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Constance Duncombe

Representations trigger emotions that drive the struggle for recognition and respect. How an entity is represented, or wishes to be represented, influences its actions. Desire to cultivate a certain image of the Self, to be recognised in a particular way, is driven by a feeling of disrespect that manifests as a social hurt. Such hurt fosters a preoccupation with seeking a particular form of recognition through foreign policy actions. 1 If we allow such a reading of Iran's actions to present itself alongside conventional accounts of Iranian

in Representation, recognition and respect in world politics
Arjun Claire

been conceived as a triumph of reason and rationality over emotions. To the extent it relies on emotions, it carefully directs them through curated narratives deployed in the realisation of predetermined advocacy objectives ( Fernandes, 2017 : 2). With humanitarian actors increasingly engaging in specific thematic issues and policy changes, they have privileged authoritative facts that positions them as experts, enhancing their legitimacy in the eyes of decision

Journal of Humanitarian Affairs
Open Access (free)
Humanity and Solidarity
Tanja R. Müller and Róisín Read

-called evidence-based advocacy, that seems to leave little room for emotion and compassion, in similar ways has disempowered affected populations and ignored their aspirations. In demonstrating the various forms these real or imagined tensions between reason and emotion have taken in the history of témoignage , the article advances the argument that témoignage still has the potential to show real solidarity with affected populations and take their own life worlds and aspirations seriously – and in doing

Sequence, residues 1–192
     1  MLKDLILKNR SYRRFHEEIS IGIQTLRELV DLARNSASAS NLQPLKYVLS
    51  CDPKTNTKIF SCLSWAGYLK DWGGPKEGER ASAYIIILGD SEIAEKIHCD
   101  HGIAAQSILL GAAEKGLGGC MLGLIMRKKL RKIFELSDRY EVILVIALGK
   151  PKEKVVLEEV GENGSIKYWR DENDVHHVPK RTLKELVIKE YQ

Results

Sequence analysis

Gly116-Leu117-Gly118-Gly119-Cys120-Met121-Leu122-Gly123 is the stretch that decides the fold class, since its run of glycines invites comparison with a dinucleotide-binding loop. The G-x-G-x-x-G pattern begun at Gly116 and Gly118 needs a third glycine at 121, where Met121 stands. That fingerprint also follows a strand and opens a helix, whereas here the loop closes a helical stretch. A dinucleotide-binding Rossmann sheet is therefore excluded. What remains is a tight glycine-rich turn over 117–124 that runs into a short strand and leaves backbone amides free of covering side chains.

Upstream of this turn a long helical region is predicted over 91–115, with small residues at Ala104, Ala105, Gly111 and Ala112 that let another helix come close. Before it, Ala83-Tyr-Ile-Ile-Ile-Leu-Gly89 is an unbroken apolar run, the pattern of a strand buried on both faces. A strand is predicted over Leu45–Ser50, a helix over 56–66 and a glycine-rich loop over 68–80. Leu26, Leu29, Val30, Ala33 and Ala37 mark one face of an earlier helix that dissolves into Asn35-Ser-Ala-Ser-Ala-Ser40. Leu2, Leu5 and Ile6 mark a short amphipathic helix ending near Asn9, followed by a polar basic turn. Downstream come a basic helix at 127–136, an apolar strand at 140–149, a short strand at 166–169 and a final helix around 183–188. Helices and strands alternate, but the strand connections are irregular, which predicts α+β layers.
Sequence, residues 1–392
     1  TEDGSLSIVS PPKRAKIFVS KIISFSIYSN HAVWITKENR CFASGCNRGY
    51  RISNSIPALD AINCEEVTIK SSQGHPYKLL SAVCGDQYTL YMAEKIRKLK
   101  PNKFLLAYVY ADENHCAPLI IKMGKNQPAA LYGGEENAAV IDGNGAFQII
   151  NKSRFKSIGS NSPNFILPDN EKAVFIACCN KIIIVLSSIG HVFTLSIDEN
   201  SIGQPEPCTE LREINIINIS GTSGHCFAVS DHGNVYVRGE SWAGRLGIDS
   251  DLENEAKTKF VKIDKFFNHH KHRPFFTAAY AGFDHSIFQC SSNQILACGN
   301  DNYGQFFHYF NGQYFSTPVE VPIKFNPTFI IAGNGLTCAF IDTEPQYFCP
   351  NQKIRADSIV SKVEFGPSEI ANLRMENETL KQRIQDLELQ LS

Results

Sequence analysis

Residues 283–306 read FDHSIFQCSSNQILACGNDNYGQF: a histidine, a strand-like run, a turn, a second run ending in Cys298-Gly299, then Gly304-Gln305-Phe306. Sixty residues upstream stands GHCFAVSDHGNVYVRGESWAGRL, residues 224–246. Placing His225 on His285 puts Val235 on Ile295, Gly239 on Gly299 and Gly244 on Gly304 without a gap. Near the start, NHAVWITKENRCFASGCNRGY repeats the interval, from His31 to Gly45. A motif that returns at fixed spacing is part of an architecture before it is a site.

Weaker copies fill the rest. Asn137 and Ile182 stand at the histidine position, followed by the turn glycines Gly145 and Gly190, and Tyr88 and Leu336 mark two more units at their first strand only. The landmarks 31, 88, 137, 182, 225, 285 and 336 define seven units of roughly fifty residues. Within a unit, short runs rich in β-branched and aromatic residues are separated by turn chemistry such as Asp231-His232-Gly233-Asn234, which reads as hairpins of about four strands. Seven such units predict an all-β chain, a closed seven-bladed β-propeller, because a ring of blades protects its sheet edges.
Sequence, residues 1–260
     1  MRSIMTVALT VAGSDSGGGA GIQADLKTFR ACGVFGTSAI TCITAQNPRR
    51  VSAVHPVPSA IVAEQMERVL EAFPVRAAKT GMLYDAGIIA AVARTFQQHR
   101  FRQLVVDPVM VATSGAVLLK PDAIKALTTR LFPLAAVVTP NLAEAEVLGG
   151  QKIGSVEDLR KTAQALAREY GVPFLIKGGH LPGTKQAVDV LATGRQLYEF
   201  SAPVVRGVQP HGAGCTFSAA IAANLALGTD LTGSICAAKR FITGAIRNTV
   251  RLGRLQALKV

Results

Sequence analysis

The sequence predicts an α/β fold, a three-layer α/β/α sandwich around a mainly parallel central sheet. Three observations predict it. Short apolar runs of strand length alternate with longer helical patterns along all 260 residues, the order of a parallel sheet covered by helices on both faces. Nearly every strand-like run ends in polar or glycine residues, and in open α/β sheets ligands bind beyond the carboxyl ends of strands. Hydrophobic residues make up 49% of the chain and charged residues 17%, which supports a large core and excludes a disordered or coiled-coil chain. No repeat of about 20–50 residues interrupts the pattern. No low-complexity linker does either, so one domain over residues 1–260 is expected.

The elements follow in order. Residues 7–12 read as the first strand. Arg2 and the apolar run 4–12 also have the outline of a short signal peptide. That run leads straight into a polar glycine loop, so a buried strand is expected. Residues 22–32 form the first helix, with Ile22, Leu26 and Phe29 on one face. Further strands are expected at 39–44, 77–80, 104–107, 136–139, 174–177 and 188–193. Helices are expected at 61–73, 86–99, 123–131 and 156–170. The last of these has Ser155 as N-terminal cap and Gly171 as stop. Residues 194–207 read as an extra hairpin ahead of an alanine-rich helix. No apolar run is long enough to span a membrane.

Journal of Humanitarian Affairs
German Responses to the June 2019 Mission of the Sea-Watch 3
Klaus Neumann

Mission Lifeline’s Lifeline , who was tried in a Maltese court in 2018–19, seemed to be in a much better position to appeal to mainstream Germans, being middle-aged, male and a self-confessed conservative who used to vote for the Christian Social Union; however, his court case had not attracted nearly as much attention as Rackete’s. Third, particularly vulnerable, innocent and/or deserving victims, whose mediatised suffering often prompts an outpouring of public emotion, were never the focus of the narrative about the Sea-Watch 3 . By the time the boat entered the

Journal of Humanitarian Affairs
Sean Healy and Victoria Russell

that novel information is both more surprising and more valuable to the one who possesses it. A further explanation for the more rapid spread of falsehoods is connected to the emotions it evokes: not only greater surprise but also greater disgust, while truth more evokes stronger emotions of sadness, anticipation, joy and trust. As a result, even ideas which might once have been considered ‘fringe’ or ‘extreme’ can benefit mightily in the current

Journal of Humanitarian Affairs
Open Access (free)